Kally: So we moved somewhere else in York. They moved us on, we stopped overnight, then went back to the York, the Tip after that. The Tip was always there but you’d get bored. People would just get bored so we would maybe go to Bad Bargain and then it was back to the Terrace car park.

Lorraine: You’d be lucky if eviction takes 24 hours today. There were Christmas time camps, any holiday time we waited until it was all clear and then all pull on, even if you had to wait until 8pm at night. If you went on just before Christmas you’d know that they wouldn’t come after you until after new year. The law changed that was why we all put our names down to stay on James Street. We did a big campaign but they said we wouldn’t be allowed to stop up and down. So those that live around this town, we all put our names down for the sites.

Being able to travel for work or to attend dances and fairs was a traditional part of Gypsy life which has been made harder in recent years. Yet there are creative possibilities from transit sites which enable short stays through to negotiated stopping, as they do in Leeds, where the Local Authority works with Gypsy families and local resident to broker short term agreements.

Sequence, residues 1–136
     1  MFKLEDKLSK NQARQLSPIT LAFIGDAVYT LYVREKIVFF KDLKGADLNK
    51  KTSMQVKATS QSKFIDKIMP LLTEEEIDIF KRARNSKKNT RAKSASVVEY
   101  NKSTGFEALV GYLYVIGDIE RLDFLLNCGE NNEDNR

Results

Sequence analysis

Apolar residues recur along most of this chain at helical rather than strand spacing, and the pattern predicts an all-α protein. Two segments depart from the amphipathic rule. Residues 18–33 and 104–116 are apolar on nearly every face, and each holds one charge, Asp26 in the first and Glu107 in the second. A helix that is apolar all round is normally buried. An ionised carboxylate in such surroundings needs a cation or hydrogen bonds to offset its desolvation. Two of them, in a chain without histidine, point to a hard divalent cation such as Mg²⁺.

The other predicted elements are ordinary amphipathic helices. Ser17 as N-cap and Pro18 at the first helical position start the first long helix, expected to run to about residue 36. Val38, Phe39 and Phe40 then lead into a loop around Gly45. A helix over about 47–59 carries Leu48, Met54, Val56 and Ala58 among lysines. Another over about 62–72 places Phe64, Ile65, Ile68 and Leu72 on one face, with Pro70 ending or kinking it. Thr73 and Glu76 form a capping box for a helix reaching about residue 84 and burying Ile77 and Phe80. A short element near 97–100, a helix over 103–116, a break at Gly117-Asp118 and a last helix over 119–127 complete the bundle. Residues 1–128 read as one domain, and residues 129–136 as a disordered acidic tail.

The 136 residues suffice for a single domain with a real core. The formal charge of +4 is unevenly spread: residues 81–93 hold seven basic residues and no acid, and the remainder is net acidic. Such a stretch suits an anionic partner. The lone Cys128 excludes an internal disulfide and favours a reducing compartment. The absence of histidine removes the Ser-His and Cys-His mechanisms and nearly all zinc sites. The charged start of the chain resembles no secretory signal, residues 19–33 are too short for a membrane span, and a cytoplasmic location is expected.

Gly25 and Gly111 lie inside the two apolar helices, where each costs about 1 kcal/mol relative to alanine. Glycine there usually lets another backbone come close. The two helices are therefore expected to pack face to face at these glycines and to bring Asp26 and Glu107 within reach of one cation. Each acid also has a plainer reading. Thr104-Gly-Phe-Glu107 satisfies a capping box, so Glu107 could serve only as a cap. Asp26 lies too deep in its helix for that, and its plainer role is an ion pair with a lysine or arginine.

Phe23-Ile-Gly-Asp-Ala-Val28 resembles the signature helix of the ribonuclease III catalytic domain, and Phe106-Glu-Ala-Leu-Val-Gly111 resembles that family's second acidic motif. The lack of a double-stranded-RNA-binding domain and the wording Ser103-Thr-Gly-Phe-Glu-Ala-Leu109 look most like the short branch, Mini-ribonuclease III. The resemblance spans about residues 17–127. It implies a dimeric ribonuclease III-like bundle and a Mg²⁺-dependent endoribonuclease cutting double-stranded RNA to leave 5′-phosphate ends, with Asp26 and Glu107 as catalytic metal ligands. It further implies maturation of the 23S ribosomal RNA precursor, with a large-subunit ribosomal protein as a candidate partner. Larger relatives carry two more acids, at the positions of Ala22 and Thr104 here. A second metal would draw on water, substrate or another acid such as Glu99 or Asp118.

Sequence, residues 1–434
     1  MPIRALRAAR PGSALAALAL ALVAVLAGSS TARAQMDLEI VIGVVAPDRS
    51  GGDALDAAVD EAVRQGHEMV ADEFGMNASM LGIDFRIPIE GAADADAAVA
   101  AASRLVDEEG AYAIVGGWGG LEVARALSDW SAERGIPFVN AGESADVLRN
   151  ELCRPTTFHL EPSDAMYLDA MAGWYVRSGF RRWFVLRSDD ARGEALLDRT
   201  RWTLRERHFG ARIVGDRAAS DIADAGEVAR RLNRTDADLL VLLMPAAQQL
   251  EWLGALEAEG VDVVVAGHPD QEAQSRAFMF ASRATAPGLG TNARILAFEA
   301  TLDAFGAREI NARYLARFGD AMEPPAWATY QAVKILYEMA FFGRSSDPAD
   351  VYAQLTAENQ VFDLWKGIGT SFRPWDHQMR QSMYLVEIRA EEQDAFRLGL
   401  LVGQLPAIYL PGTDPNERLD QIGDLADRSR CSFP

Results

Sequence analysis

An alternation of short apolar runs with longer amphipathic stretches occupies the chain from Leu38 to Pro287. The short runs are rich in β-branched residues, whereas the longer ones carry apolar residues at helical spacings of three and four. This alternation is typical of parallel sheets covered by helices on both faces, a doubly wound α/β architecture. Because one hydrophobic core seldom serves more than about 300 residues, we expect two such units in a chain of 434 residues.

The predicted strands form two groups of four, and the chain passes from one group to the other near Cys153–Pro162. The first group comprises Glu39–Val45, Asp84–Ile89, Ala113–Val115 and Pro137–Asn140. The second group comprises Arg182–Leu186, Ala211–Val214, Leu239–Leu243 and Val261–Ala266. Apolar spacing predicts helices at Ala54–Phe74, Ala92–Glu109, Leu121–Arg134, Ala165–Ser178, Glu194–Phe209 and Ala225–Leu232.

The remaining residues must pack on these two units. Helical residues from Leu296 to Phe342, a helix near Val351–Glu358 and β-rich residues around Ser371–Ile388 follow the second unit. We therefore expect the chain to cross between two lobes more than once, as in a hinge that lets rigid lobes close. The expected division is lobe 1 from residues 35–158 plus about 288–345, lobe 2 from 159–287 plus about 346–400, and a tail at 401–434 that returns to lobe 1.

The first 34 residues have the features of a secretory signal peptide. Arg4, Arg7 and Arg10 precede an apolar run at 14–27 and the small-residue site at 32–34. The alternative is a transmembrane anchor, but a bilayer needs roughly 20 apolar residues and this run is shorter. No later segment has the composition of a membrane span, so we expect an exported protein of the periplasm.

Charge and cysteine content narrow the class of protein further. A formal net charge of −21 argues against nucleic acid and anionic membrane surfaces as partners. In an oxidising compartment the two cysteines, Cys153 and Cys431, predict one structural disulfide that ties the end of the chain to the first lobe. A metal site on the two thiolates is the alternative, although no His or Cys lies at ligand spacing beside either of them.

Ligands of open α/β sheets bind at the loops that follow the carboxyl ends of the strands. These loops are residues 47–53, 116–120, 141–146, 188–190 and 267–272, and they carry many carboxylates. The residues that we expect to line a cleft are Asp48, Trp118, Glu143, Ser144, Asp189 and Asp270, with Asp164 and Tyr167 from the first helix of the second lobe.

In the Local Plan there is a provision protecting York’s historic environment. But  can we also start to see different ways of life and traditions – as part of the city’s heritage?

 

Floods 2015: ‘the whole city came together’

The line the James Street flood is visible as a dark line line on building Credit: Lorraine Mulvenna

On Boxing Day 2015 York experienced the worst floods since 2000. When the Foss Barrier failed an area very badly affected was James Street, the home to one of the city’s Gypsy and Traveller Sites. Many people and businesses showed enormous support for those that were affected and for a time ‘the whole city came together’.

Kally: On Boxing Day the water just come up through the drains, like it does often do. We thought, ‘nah, it won’t get that bad’. We didn’t know what was going on around us. There is a man on the site who has a house phone and around 1am, he had a phone call and shouted out to us all, ‘get off the camp because it’s going to flood’. That night we just sat out the front of the site.

Denise: The next day people we know started to help. There was a man we knew in the houses near James Street called Alan, who has a boat. He is my daughter’s best friend’s father. He came round in his boat. He stayed all day until it dropped dark, going backwards and forwards, getting things for people out of the site.